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Trump says he misspoke about Russia’s election meddling. Twitter isn’t buying it.

Trump said he didn’t see any reason why it “would” be Russia, but now he’s claiming he meant to say “wouldn’t.”

President Donald Trump discusses his meeting with Russian President Vladimir Putin during a meeting with House Republicans.
Mark Wilson/Getty Images
Madeleine Ngo covers economic policy for Vox. She previously worked at the New York Times, the Wall Street Journal, Bloomberg, and the Philadelphia Inquirer.

President Donald Trump claimed he misspoke about whether he thought Russia meddled in 2016 presidential elections — and Twitter is having a field day with it.

Here’s what happened: Russian President Vladimir Putin and Trump met in Helsinki on Monday, where Putin publicly denied claims that Russia had interfered in the 2016 US presidential election.

Standing next to Putin, Trump said he didn’t have reason to think Russia meddled with the election — contradicting the findings of US intelligence agencies. “I don’t see any reason why it would be [Russia]” that interfered in the 2016 election, Trump said.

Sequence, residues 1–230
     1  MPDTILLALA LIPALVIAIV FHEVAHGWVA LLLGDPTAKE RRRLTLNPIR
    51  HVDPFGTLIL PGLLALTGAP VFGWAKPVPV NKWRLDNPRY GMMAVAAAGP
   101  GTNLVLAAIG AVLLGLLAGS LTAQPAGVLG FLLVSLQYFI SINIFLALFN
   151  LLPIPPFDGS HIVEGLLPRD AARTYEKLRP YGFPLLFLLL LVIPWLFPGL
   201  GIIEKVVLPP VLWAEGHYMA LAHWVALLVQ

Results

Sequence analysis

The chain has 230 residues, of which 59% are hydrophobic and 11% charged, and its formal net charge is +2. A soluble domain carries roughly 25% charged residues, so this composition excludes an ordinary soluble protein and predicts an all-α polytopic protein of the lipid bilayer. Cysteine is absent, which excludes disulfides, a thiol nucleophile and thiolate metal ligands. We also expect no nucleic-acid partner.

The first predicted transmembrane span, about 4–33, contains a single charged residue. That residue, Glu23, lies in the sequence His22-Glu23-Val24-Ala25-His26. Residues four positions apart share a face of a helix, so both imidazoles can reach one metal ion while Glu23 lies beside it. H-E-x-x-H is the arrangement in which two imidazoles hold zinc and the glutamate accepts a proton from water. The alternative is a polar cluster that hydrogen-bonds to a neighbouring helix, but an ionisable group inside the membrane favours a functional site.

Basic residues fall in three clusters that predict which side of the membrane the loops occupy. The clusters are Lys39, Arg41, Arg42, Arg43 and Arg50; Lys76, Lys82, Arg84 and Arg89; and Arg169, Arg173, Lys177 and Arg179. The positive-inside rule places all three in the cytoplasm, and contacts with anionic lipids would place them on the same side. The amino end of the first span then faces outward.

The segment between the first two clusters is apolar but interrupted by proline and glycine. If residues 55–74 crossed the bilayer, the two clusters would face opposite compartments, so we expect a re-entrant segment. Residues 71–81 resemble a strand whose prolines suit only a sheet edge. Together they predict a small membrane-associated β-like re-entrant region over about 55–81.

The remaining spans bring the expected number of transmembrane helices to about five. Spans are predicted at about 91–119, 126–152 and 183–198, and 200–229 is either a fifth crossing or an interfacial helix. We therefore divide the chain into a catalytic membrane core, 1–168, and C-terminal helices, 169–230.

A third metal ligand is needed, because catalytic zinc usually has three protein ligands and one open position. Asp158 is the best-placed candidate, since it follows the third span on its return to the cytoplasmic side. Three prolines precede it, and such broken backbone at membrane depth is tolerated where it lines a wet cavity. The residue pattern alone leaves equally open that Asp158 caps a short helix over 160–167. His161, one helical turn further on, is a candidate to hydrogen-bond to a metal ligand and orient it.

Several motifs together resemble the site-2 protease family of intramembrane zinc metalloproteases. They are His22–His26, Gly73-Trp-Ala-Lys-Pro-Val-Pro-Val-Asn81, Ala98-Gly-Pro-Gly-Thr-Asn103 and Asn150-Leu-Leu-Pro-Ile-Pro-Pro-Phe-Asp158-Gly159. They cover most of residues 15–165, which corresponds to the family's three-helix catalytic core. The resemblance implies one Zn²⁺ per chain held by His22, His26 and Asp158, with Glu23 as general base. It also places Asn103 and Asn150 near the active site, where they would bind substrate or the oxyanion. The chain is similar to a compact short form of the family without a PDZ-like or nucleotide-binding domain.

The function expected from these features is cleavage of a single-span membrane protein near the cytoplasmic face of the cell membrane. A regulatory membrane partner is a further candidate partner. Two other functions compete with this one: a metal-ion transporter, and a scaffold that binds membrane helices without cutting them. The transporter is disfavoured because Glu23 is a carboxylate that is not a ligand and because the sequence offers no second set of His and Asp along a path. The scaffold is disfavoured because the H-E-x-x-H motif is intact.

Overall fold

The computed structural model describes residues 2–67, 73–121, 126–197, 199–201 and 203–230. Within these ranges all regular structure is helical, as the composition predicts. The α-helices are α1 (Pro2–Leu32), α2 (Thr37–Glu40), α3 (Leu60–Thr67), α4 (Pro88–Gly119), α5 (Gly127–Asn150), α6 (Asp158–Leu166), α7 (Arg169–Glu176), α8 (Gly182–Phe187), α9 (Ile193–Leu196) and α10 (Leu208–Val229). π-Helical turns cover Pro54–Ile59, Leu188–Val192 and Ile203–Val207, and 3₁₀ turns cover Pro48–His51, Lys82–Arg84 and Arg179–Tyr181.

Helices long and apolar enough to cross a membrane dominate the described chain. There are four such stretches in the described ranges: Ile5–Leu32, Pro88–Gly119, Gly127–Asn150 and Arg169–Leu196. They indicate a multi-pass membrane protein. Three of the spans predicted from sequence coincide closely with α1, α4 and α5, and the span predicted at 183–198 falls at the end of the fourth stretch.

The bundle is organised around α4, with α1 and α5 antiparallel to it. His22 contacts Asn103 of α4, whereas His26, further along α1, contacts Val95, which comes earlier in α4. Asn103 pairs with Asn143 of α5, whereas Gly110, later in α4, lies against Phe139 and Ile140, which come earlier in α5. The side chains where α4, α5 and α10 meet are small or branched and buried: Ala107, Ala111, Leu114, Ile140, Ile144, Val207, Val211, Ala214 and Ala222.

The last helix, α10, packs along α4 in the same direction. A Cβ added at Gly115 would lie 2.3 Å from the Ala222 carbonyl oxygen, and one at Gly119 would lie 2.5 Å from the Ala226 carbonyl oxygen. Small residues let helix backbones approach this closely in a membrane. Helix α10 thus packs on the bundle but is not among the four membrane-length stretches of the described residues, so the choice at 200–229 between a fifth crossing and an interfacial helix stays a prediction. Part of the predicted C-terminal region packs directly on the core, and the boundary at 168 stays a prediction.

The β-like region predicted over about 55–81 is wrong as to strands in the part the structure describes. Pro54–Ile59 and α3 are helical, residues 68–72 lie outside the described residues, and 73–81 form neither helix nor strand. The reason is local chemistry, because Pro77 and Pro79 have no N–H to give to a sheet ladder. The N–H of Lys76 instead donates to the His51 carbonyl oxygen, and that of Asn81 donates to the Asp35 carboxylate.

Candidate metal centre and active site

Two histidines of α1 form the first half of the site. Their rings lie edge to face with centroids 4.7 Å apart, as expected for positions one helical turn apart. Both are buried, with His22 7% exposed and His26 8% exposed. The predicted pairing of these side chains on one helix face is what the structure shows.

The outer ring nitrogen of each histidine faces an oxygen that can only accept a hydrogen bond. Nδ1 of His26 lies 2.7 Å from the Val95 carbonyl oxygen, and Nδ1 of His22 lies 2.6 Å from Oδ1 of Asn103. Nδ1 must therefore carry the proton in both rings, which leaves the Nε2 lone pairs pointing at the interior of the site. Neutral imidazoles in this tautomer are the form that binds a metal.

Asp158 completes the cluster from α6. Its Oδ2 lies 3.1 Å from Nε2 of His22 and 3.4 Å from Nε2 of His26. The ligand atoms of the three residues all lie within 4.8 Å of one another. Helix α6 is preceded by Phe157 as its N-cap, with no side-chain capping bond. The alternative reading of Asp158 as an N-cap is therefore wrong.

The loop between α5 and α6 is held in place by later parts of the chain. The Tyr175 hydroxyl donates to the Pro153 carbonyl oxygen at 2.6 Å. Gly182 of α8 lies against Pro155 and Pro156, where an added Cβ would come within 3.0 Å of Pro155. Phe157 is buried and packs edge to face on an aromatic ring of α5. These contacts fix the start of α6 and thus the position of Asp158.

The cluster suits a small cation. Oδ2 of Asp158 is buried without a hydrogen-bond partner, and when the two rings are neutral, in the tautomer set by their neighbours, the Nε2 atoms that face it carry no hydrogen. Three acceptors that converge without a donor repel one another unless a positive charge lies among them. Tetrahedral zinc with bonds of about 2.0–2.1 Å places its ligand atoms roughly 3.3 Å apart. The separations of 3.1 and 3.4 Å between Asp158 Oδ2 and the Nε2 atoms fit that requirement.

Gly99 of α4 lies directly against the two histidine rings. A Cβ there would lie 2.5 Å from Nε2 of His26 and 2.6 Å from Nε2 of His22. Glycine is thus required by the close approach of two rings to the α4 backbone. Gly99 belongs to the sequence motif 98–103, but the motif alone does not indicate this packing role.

However, on Tuesday, after massive backlash from scores of US politicians and general outrage in the media, Trump walked back these comments, claiming he had intended to say “I don’t see any reason why it wouldn’t be [Russia].”

Many people on Twitter aren’t buying his excuse. Especially because Trump waited an entire day to correct himself.

Even Richard Marx, the singer behind the 1980s soft rock hit, “Right Here Waiting,” weighed in.

Late night hosts also joined in and took jabs at Trump, including Jimmy Kimmel, who has been an outspoken critic of the president.

And though it’s easy to ridicule Trump’s excuse that he simply meant to say “wouldn’t,” the joke, it turns out, may be on the American people.

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